Lastly, education and the visitor experience in museums, one of the fields in which there have been significant advances, is addressed by Jennifer Barrett of Sydney University who describes museum studies at universities, Barbara Piscitelli, researcher on young children and museums, who focuses on the relationship that children have with museums, Janette Griffin of the University of Technology Sydney who reviews school students’ learning in museums and Lynda Kelly of the Australian Museum who discusses family visits.
Monday, December 21st, 2009
Hoots No. 13 – 21 December 2009: “Co-producing” the Museum using social media; Education and “Radical Hope”: Noel Pearson’s essay on education and Indigenous Australians; an observation on the misdirection of attention on learning and teaching.
Co-producing the Museum – Social Media and Interaction with your Museum
On the Museum Marketing website Jim Richardson has written a very interesting article about the communications revolution “coproducing the museum”. It is the text of a keynote address he gave to the Museum Association’s Social Media Day.
Amongst the things he has to say are these:
“Change in the internet has been clear for anyone to see, with the shift from static web pages to dynamic and sharable content and social networking. The internet is no longer just a place to find information; it is now a forum for collaboration, a place to create, curate and share content online. This has changed the way we work, influenced the way we think and adjusted our individual place in society forever.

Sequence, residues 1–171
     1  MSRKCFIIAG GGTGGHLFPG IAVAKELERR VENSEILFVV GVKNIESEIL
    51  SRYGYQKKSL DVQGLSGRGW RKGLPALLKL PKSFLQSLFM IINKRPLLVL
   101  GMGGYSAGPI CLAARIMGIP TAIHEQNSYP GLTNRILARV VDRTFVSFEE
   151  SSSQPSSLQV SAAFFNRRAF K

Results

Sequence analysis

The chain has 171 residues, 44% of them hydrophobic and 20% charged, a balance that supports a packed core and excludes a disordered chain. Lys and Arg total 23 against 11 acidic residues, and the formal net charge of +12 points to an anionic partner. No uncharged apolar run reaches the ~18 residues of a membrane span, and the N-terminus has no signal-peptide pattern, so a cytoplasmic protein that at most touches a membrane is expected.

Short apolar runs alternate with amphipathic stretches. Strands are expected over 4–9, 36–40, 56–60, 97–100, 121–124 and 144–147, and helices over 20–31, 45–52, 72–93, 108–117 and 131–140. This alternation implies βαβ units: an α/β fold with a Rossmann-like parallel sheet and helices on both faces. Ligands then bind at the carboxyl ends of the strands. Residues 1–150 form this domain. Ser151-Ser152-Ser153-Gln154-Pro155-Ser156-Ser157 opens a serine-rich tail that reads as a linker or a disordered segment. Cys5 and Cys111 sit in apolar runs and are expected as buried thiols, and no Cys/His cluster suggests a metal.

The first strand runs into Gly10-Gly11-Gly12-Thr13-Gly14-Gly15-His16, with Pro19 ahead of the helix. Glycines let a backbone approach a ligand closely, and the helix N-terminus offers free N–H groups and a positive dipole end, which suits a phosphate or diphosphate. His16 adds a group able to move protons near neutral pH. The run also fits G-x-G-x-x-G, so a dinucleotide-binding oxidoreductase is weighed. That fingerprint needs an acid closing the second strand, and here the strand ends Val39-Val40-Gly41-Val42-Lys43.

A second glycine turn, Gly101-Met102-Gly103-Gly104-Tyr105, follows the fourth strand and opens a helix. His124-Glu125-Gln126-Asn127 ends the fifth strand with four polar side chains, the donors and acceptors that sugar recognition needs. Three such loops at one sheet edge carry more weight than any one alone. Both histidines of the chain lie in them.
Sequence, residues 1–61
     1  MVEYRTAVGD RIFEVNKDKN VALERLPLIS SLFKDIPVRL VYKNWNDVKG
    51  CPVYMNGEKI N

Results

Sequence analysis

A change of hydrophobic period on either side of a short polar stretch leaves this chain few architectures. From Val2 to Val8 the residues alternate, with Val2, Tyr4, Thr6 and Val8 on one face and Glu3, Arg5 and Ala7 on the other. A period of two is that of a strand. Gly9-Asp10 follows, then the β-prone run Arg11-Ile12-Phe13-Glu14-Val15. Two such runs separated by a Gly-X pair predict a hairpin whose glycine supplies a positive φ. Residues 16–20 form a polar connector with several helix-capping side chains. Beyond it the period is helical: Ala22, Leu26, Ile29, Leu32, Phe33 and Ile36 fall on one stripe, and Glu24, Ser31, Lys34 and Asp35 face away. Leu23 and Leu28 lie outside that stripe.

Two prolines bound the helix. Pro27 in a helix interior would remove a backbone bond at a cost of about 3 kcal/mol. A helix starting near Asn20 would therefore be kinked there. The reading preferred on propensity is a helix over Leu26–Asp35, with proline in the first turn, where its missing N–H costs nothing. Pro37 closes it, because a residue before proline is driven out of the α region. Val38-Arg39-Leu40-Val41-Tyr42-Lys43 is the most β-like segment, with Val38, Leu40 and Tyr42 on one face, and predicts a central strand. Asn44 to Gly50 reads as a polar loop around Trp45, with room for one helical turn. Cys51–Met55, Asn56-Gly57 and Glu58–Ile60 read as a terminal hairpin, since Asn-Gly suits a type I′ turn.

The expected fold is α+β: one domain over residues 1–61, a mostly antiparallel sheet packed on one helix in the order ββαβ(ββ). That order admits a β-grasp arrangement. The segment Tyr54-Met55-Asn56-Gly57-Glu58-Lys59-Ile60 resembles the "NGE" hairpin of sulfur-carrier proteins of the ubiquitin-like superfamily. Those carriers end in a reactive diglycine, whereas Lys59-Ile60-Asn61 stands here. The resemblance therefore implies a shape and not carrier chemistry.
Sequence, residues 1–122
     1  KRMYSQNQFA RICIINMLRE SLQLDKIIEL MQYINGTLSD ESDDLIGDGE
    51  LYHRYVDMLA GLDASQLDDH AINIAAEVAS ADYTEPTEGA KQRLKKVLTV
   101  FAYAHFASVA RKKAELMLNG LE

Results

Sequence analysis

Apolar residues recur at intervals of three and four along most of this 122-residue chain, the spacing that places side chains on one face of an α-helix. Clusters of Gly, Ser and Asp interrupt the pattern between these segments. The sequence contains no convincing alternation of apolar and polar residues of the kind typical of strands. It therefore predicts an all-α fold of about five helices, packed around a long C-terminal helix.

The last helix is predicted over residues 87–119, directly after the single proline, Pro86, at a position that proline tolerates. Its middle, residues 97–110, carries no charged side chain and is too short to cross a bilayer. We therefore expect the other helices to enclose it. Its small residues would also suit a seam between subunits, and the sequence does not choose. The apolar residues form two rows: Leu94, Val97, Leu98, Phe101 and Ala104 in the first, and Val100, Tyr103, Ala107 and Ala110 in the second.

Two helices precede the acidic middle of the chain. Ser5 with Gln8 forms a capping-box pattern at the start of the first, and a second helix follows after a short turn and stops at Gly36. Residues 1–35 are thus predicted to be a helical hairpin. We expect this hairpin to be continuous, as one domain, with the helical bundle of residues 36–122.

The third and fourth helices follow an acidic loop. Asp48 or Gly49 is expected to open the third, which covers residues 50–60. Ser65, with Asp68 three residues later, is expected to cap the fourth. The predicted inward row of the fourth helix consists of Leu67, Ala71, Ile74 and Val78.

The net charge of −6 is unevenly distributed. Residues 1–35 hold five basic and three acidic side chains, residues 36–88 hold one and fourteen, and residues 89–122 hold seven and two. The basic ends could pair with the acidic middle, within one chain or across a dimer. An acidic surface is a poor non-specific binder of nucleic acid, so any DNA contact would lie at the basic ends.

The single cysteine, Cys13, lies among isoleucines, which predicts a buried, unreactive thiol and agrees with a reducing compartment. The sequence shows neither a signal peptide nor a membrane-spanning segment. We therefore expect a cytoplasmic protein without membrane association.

The explosion in social media has created a socio-cultural shift; the way that people act is changing and audience expectations are snowballing both online and offline, and museums need to think beyond simply building a fan page on Facebook, writing a blog or starting to use Twitter to keep up with the change.â€
He points out that people who use Facebook, iPhones, iTunes and Wikipedia, with its hyperlinks allowing users to “drill down” through information, find many of their interactions with museums, including their websites, to be unsatisfactory: static and difficult to engage with.
He quotes The Centre for the Future of Museums, “For Americans under 30, there’s an emerging structural shift in which consumers increasingly drive narrative. Technology is fundamentally enabling and wiring expectations differently, particularly among younger audiences, this time when it comes to the concept of narrative.
“Over time, museum audiences are likely to expect to be part of the narrative experience at museums. While the overall story might not change, how it is presented may change to allow visitors to take on a role as a protagonist themselves.”
He gives some really interesting examples of museums which have grasped change in the way they use social media to allow active interaction by virtual and physical visitors. Some of them are: